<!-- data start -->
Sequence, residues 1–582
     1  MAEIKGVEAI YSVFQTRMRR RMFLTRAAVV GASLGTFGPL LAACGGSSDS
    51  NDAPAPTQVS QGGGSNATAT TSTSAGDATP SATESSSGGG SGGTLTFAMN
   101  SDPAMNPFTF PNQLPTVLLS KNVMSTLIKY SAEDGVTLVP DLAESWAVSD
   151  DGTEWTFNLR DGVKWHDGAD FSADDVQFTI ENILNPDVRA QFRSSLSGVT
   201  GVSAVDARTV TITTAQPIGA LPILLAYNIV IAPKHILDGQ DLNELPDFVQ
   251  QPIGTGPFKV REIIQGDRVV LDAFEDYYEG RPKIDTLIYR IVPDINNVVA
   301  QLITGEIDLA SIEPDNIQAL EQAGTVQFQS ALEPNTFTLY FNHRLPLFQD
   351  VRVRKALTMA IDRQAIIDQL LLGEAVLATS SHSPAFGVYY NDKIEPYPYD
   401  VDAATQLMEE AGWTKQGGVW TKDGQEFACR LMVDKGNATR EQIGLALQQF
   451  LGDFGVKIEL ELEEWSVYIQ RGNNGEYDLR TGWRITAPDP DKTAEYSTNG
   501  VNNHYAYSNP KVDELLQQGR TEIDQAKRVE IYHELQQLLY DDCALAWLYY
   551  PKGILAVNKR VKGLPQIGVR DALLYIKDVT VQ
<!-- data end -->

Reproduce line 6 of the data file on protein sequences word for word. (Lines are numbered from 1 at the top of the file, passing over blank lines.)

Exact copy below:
   201  GVSAVDARTV TITTAQPIGA LPILLAYNIV IAPKHILDGQ DLNELPDFVQ